Payette’s design team for Duke University’s new Environment Hall recently presented interior finish selections to the client for final approval. The client was really curious to learn about the inspiration behind the final finish palette and to hear how the materials connect to the school’s program and the new building’s guiding principles.
When selecting interior finishes it’s important to select them first and foremost for function, sustainability and safety, with aesthetics following secondary to these attributes. However, as we know, aesthetics also have a very large impact on how people perceive and interact with an environment. I think theming is a powerful design tool that, if well executed, can help build emotional connections for people experiencing the space.
To present our theming effort for Duke’s Environment Hall, our team put together a presentation using a conceptual visual to communicate our overall idea, and then zooms in on key ideas & locations, (ie. canopy, chlorophyll corridor, filtration and groundwater). Here is an insider’s-look into the presentation and the back-story behind our inspiration.
We start our story in the building’s upper levels, (ie. Canopy), and work our way down to the ground.
The Canopy reflects the upper levels of the new building. Warm accent colors are inspired by fall foliage and intend to pop off of the cool concrete floor, and gravel-like, biomimicry carpet. Accent furniture items in this area resemble quarry rocks to complement the carpet selection.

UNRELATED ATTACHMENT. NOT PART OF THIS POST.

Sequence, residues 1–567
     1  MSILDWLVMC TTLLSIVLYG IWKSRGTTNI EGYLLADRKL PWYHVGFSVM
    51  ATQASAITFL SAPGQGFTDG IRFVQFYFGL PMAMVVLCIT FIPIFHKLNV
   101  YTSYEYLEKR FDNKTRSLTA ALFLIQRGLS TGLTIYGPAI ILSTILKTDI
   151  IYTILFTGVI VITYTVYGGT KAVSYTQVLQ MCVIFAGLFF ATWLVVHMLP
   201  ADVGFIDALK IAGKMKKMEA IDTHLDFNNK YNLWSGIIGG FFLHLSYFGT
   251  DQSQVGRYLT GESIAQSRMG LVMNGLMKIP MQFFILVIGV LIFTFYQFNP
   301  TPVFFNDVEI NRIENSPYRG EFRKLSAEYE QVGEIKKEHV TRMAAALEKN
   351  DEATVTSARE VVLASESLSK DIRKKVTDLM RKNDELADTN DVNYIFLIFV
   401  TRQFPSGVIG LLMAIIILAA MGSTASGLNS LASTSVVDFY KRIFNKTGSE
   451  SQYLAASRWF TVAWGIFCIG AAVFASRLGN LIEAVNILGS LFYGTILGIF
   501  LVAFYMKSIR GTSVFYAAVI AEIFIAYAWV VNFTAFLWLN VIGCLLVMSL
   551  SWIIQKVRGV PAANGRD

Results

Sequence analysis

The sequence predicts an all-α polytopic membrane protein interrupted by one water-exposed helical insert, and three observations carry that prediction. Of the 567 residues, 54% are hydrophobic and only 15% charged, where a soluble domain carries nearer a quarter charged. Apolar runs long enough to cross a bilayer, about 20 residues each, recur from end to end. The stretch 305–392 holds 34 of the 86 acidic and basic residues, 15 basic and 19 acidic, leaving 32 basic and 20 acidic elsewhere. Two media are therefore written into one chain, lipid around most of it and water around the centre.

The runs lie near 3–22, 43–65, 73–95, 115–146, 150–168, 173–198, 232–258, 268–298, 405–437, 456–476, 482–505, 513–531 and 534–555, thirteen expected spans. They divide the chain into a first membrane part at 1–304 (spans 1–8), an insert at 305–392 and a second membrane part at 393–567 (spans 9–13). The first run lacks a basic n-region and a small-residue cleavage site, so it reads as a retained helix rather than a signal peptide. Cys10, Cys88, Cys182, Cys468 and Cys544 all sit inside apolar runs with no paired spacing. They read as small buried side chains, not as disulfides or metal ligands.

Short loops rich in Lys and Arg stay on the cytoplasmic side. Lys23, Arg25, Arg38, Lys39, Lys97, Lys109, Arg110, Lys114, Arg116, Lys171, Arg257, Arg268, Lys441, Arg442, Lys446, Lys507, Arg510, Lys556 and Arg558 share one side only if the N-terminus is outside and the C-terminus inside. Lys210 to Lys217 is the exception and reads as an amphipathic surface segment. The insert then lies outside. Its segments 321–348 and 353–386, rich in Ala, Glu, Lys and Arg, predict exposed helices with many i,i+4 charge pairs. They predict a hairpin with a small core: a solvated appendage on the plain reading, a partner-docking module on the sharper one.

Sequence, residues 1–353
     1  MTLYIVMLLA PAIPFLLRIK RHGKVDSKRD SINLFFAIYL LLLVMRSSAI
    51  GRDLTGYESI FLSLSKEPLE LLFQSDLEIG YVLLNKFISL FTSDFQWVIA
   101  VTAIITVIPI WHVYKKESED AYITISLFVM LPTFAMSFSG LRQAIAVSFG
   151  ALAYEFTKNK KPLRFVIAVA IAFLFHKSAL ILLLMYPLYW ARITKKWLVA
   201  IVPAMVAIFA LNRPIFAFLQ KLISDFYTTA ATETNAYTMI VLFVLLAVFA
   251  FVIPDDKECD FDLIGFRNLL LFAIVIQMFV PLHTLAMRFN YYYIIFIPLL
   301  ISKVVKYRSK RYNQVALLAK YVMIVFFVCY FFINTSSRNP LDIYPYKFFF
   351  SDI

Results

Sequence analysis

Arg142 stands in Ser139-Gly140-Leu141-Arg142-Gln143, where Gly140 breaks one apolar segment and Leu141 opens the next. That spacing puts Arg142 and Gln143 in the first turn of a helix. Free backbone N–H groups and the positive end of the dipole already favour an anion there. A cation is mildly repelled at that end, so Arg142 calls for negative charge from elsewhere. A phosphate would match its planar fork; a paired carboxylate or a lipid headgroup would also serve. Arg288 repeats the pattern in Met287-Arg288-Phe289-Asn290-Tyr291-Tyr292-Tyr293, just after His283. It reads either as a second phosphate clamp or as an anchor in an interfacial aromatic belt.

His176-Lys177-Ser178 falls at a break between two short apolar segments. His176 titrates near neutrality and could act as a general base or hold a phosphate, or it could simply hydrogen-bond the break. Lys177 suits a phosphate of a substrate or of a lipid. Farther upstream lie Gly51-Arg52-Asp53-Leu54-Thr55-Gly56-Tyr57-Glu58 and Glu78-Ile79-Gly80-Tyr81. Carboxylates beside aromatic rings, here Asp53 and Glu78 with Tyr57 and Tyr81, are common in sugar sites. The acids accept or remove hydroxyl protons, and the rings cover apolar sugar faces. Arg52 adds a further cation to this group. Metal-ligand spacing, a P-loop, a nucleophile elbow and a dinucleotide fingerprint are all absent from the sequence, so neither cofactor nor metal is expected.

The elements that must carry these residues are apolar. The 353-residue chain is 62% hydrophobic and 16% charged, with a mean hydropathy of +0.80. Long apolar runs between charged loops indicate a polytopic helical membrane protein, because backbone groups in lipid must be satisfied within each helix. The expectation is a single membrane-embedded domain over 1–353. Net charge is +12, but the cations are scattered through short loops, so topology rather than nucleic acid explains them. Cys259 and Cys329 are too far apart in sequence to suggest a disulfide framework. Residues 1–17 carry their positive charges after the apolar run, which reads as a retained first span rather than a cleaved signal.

The symbolic leaves from the Canopy cascade down the building, and then literally appear as Marble American Chesnut leaves inlaid on the terrazzo floor at the main entrance of Level 2, and disperse throughout the circulation space.
The warm and sunny south-side Thermal Corridors, (ie. Chlorophyll Corridors) are soaked in green accent paints, inspired by green chlorophyll that allows plants to absorb energy from light. Banquette and furniture items in these corridors are upholstered in shades of yellow & green with flower patterns that resemble Cynotype prints, also known as sun printing.
The presence of water is emphasized at the restroom and water fountain locations on Levels 0–5 with deep blue accent walls. The pattern on the quartz countertops in the restrooms softly mimics rain droplets hitting the surface; a nod to the rainwater that will be harvested from the adjacent LSRC building and filtered up to the restroom toilets in Environment Hall.
Final Finishes Board: